These days, the idea of someone trying to have a lengthy career, a healthy life, AND be a heavy smoker is pretty absurd. The negative effects of smoking cigarettes are well researched and publicized. But back in the day, it was a totally different situation. In the early years of the country’s founding, tobacco farms actually played a huge role in saving the U.S. economy and helping it flourish. And until a few decades ago, cigarettes were generally considered a habit that was perhaps not great for you, but nothing too bad. As such, cigarettes were not only rampant among many parts of society, but commonly shown in films and TV shows. Actors helped popularize the “cool” factor when it came to smoking, which only furthered their use in society. And of course, many of these actors and actresses who smoked on camera picked up the addictive habit off-screen too. In this video, we’re taking a look at some of the biggest culprits of this unhealthy behavior. Join Facts Verse, as we present: Hollywood Golden Age Celebrities Who Smoked Like Chimneys.
We’ll start with the actor who was perhaps most influential when it came to making smoking look cool, and one who suffered the horrible consequences of it. Bogart, in his private life, smoked two packs a day, and was a heavy drinker to boot. He would constantly cough from the effects of the cigarettes, and he was always tired and suffered memory loss from his heavy drinking. Sadly, he kept putting off a trip to the doctor to deal with his cough and other ailments until 1956. When he finally went, it was discovered he had esophageal cancer, due to his long time smoking habit. But besides being a sad story, Humphrey’s on screen relationship with cigarettes is also fascinating. Back in the day, screenplays had far fewer physical directions written in, and were often just long monologues. During one shoot, Bogart complained to the director that he was flat out bored by the scene they were shooting. He joked to the director that the only way fix it would be to have two camels fornicating in the background. The director wasn’t about to say yes to that, so he suggested Bogart try smoking in the scene as well. The act helped in two ways. One, it gave Humphrey an action that he could do in between lines that would help break up the monologue. And it also kept the audience focused on his face as he took a drag, so they stayed in the scene.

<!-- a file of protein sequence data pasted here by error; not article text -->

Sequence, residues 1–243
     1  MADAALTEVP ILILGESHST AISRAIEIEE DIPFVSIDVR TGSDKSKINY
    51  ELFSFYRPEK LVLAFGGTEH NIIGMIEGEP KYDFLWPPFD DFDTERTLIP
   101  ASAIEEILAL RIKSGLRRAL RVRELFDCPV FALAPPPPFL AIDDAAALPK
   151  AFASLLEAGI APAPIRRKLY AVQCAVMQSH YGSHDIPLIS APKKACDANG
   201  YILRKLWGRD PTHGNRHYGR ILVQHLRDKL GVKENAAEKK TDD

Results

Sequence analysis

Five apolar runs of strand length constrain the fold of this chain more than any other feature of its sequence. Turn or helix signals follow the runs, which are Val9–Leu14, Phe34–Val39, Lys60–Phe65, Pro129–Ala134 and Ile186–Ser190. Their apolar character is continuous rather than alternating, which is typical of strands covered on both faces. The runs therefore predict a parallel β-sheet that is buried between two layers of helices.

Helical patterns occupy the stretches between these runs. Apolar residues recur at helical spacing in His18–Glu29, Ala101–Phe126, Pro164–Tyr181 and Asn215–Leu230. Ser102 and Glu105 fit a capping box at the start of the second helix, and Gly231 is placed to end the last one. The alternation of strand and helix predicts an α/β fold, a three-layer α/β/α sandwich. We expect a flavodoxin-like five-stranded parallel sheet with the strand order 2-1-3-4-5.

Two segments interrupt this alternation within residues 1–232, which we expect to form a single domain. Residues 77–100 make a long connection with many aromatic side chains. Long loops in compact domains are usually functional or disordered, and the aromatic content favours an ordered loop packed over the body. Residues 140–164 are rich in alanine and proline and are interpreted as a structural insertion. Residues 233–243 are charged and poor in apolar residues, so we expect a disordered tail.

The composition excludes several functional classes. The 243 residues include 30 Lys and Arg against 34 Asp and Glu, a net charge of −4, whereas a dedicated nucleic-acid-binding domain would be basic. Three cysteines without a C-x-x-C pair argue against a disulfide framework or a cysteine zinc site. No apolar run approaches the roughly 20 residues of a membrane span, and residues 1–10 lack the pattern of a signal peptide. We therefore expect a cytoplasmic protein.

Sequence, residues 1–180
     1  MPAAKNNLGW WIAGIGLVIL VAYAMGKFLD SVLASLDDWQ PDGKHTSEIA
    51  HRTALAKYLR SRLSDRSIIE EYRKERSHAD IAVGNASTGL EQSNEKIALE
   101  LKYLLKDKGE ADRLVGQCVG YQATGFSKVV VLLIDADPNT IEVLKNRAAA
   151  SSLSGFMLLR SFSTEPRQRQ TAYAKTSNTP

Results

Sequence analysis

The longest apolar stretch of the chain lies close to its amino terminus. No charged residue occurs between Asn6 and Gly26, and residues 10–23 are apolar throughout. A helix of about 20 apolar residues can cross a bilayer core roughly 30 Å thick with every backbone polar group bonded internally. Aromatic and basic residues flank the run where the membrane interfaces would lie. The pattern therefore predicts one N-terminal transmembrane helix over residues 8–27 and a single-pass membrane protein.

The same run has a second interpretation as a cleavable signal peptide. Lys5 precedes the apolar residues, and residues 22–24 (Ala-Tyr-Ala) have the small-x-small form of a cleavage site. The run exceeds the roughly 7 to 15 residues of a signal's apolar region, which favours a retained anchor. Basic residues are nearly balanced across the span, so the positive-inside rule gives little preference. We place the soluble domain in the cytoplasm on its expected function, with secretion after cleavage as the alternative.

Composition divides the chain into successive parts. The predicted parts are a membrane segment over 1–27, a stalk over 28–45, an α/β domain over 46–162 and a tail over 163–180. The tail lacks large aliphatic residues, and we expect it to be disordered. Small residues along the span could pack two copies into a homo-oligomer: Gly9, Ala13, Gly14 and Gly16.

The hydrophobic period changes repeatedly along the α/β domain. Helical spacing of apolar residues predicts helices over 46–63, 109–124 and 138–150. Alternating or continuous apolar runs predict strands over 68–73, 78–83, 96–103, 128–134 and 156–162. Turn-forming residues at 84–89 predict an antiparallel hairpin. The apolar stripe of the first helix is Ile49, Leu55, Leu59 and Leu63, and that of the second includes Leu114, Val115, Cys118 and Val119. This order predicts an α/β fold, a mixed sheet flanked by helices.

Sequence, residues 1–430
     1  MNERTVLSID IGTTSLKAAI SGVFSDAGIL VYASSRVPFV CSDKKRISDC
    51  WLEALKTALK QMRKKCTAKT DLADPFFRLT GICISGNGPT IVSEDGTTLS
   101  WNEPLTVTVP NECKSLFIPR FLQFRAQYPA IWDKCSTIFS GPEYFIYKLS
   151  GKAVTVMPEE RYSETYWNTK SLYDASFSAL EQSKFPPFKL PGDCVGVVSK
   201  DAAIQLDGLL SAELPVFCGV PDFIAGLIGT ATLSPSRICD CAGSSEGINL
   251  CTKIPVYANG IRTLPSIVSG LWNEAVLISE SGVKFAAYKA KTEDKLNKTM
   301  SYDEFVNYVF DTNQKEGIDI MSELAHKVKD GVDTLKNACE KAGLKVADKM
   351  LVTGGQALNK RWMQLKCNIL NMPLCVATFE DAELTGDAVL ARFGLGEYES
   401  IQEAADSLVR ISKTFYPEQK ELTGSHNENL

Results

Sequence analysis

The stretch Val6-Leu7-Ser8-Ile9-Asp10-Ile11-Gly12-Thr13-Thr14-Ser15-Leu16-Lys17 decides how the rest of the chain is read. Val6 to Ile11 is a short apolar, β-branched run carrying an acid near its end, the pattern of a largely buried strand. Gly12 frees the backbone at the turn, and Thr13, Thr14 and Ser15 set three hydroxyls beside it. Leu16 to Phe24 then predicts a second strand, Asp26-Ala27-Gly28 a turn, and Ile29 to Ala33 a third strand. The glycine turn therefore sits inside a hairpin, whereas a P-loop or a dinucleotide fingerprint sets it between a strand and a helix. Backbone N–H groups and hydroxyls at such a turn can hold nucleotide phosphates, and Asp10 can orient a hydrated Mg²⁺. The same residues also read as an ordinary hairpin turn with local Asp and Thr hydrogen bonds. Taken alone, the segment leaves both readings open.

The result was that Bogart began smoking in every film. He played cool, detached characters, and thus cigarettes were linked with that type of person. He became so iconic for smoking, cigarettes became known by a slang term – Bogeys. Sadly, his smoking meant that not only did millions of people think it was cool and try it for themselves, but also a life cut tragically short for a fine actor.
While some might argue that Humphrey Bogart set the standard for making smoking look cool on screen, others would say that title belongs to Bette Davis. Let’s just put it this way: In a roast of Davis, actor Henry Fonda said, “I’ve been close to Bette Davis for thirty-eight years – and I have the cigarette burns to prove it.”
Oddly enough, however, Bette only smoked in about a quarter of her movies. And she was never a spokesperson for a cigarette brand. And yet, she became inextricably connected with smoking on screen over the course of her career. This happened for a number of reasons. For starters, Bette was all about realism in her films. So when she played a smoker, she didn’t just have a scene or two where she was puffing on one. She would insist that, true to real life, a smoker would likely be smoking throughout most days, and would have a lit cigarette in her hands throughout the movie. Then there was the fact that there are several movies of hers where cigarette smoking actually played an important part in the plot. And finally, because she managed to use her cigarettes as an effective prop for creating memorable and individualized characters. In other words, she knew how to use the cigarettes to make an impression on screen.
Davis’s penchant for smoking didn’t stop on screen. Off screen she smoked even more, relying on a habit of four packs a day of Vanguard Cigarettes. She claimed that she couldn’t go ten minutes without needing to light one up, which is why she’s seen in virtually every interview with a lit cigarette in her hand. She wasn’t even discouraged from smoking by her dentist, who admitted that Davis smoked in the waiting room and even in the actual dental chair!
Amazingly, Davis managed to live a long life without succumbing to a smoking related disease. She died after getting breast cancer, but reportedly was still smoking around 100 cigarettes every day until she passed.
Sammy Davis Jr.